So, I know this thread has been slightly hijacked and I apologise for that, however I did speak to a fabricator in my area today and based on the dimensions and what I explained I wanted, he gave me an indicative price of $450.00 for a tank built of 3mm aluminium all TIG welded.

The basic design (Rudimentary as I didn't have time to do a more detailed one) would be along the lines of the attachment, Internall it would incorporate 2 cross plates forming internal baffles, each baffle would have lower and upper galleries allowing for fuel to circulate into each chamber, the tank would have one pie shaped area sitting 30mm lower than the other 3 chambers into which the remaining chambers would cascade fuel into creating a 2.4 litre pool or well.

I spoke to Peter Mc on the phone quickly and his thoughts are that this pool would be deep enough for an internal pump pick up point, therefore an internal pump running 50+ psi would be required, this would not be included in the price of the tank as wouldn't the inductive (Non Float) sender unit.

However the price would include the neck and all associated piping for return and vapours lines etc.

I will meet up with Stephen from Grenenger who I spoke to and see what the final price will be and report back.

Cheers

John

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#35 wally57

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Posted 24 September 2011 - 06:50 PM

Wow this post has certainly taken a left turn from my original question, but it's all good because it is more or less covering what I was looking at anyway. The only thing is I'm building my 2+2 with the LS1 6 speed in it as a cruiser really not for competition so I don't think I'D be comfortable without a spare. I'm going to mount the space saver in the luggage compartment with under a plywood false floor that will also give me somewhere better to put the jack and some tools etc. I want to be able to run twin 3" exhausts down each side with a narrower but deeper tank in the centre which will be possible with the wheel well removed. My engineer seems to think that it is better if the tank I use has already been approved through ADR so I am looking for a tank out oif a late model EFI

#36 wally57

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Posted 24 September 2011 - 06:56 PM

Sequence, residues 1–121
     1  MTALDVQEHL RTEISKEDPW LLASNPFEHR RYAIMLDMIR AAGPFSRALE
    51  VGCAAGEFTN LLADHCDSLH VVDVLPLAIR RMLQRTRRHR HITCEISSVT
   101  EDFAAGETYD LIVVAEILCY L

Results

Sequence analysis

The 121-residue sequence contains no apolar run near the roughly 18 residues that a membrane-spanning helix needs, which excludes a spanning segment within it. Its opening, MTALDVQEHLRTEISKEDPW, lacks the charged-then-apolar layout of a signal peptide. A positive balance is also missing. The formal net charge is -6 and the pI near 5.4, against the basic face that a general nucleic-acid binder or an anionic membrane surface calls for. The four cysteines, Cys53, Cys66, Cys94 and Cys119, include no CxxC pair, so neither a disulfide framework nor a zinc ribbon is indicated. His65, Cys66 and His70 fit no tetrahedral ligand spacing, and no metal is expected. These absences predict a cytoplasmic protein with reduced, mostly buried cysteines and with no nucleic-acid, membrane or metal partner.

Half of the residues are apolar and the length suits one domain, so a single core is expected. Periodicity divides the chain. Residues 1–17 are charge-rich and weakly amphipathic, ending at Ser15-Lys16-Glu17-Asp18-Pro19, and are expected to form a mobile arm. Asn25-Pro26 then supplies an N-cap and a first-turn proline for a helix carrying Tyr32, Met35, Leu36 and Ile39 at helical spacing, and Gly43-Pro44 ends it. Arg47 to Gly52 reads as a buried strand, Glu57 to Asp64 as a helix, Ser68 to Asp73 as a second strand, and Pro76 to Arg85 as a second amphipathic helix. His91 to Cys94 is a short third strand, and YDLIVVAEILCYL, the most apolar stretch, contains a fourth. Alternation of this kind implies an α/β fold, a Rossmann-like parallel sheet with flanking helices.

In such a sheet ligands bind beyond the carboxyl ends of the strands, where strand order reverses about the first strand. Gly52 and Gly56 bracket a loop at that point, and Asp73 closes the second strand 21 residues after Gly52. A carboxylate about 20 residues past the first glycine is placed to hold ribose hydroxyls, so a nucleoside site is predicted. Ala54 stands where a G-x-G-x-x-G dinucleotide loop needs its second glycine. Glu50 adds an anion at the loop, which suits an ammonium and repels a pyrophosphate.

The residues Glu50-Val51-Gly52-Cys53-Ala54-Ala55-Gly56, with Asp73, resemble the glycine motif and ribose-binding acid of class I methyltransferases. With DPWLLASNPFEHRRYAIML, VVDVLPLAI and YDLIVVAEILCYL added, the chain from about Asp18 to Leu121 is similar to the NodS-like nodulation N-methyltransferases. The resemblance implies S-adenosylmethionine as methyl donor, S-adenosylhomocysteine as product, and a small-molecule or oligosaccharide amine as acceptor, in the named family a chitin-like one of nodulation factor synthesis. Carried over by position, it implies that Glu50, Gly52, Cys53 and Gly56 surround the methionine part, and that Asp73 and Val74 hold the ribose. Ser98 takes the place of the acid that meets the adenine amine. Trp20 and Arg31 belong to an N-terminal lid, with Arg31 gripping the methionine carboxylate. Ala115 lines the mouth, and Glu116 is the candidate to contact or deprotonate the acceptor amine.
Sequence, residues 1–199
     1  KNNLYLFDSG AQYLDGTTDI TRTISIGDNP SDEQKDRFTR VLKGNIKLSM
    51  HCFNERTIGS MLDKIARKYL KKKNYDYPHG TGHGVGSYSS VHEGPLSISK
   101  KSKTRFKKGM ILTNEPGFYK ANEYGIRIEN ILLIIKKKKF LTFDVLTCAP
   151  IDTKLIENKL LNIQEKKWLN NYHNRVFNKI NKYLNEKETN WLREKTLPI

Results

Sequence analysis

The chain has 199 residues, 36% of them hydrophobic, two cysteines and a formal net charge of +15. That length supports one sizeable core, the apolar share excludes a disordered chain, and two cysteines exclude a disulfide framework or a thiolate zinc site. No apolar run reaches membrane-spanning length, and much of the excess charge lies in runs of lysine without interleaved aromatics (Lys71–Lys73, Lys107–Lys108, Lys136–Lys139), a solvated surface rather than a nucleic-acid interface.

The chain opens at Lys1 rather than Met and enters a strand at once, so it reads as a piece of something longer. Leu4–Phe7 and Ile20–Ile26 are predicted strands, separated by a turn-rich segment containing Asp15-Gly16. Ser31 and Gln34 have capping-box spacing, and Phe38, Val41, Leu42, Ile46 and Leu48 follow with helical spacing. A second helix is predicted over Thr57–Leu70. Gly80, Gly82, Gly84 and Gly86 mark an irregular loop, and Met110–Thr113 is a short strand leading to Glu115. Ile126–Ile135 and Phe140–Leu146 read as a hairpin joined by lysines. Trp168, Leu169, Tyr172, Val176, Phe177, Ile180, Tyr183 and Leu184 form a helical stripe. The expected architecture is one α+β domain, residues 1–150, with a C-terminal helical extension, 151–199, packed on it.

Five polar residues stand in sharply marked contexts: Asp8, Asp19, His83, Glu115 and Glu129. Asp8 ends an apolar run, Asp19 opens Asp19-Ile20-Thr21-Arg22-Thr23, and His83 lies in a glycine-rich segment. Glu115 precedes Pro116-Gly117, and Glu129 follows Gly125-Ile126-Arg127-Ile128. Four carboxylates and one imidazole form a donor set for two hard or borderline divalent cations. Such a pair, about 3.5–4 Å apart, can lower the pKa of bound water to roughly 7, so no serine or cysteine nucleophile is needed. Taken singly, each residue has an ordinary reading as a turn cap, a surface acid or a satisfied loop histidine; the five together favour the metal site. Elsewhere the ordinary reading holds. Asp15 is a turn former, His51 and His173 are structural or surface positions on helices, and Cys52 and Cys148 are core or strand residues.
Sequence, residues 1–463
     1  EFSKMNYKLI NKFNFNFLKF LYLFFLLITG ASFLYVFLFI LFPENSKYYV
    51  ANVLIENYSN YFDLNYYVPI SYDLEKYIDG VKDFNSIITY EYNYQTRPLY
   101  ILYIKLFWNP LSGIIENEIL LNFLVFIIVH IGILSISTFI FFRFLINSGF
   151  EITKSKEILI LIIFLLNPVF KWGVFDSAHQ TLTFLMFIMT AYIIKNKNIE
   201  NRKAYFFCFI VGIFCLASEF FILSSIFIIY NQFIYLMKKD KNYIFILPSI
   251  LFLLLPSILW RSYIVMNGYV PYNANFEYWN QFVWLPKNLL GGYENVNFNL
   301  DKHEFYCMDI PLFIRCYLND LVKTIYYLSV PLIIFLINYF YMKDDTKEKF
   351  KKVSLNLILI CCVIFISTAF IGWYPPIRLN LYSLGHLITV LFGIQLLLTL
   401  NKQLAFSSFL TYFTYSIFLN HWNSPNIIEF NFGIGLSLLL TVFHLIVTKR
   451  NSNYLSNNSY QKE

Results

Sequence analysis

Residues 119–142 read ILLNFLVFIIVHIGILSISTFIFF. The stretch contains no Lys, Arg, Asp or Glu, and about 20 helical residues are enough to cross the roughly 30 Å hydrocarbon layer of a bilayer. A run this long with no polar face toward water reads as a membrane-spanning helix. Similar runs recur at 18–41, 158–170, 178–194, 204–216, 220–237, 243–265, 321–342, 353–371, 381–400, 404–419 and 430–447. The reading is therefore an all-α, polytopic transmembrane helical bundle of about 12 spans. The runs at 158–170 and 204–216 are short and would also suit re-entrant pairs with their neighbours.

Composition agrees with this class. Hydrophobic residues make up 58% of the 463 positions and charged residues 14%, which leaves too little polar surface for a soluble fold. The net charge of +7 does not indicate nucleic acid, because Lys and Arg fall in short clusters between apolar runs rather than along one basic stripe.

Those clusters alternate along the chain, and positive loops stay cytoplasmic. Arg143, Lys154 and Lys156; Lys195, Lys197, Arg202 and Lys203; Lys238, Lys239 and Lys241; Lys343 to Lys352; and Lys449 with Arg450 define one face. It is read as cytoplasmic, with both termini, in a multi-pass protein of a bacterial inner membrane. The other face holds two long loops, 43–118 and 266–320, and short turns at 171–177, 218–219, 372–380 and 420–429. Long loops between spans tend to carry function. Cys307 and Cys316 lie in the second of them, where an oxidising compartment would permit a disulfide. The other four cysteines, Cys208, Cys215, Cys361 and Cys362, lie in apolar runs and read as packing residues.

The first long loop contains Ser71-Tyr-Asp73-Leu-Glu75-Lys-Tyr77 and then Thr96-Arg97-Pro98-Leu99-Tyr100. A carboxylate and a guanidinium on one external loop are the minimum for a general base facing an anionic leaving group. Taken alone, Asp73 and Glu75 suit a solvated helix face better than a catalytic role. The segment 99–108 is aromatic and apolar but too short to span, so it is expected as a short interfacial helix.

Sorry guys the computer had a hiccup before I finished above (and ran spellcheck). As I said I am actually looking for a tank out of a late model EFI sedan that will fit under the back with about 60ltrs capacity and with space down either side for the exhausts. I am however interested in Johns idea if I cant find what I am looking for as it sounds like a good alternative if things dont work out the way I hope them too.

Wally

#37 nizm0zed

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Posted 24 September 2011 - 07:34 PM

getting a tank out of a late EFI is easier for engineering (not that it should be applicable??) But so long as a custom tank is designed in consultation with an engineer and signed off by said engineer, there is no reason why it wouldnt pass the ADR's
A tank out of a late model car is going to be a pain to fit, more than a custom built one, or even the standard one.

First step would be to read over the ADR's regarding fuel tanks, and more importantly, which rules apply to your car.

#38 Sirpent

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Posted 01 October 2011 - 09:26 PM

Hi Guys,

Alan spot on, I wouldn't have it built without sign off, but I don't think that the complexity of this design will create to many drama;s either, so I will get onto it tomorrow and get a price (Been away 8 days) and at least it may give some pp, an alternative.

The only production tank I can think of that may allow the well to be cut out and act as a tank and wheel well in one would be the old XA-XC tank's, but their size would be a major problem, in order to get the capacity they extend a fair way out around the tyre and I don't think the rails beneath the Z floor would allow it t fit, then again, you neverknow, anyone got one sitting around that could be measured up?

#39 nizm0zed

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Posted 02 October 2011 - 10:29 AM

imo, i wouldn't bother with the XA-XC tank.
They are used when making a drop style tank in Gemini's, and for the last 6? or so years the few people left on the Gemini forum i was part of who decided to do it, ended up having a LOT of trouble finding a tank in good condition.
They all seem to be rusted or splitting along the seams once they are removed and moved around.
Its just the age of the item more than anything.
Would have been a good idea 15 years ago, the XA-XC was easy to find in wreckers then, now they are worth a decent bit of coin.

#40 Sirpent

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Posted 06 October 2011 - 09:56 PM

OK,

Stephen the fabricator got back to me on the price of the wheel well tank, with all required fittings mounts fuel filler and return lines etc, he can do it for $475.00

So I will be going down this track now, I will have mine built and if anyone is interested down the track after the item is finished, I will pass on his details.

Cheers

John